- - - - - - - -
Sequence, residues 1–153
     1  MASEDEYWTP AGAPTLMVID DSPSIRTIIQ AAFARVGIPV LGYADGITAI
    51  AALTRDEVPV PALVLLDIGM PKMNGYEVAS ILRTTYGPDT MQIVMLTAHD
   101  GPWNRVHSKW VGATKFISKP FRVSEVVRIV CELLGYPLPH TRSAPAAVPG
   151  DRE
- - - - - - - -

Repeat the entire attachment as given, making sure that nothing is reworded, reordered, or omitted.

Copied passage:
Sequence, residues 1–153
     1  MASEDEYWTP AGAPTLMVID DSPSIRTIIQ AAFARVGIPV LGYADGITAI
    51  AALTRDEVPV PALVLLDIGM PKMNGYEVAS ILRTTYGPDT MQIVMLTAHD
   101  GPWNRVHSKW VGATKFISKP FRVSEVVRIV CELLGYPLPH TRSAPAAVPG
   151  DRE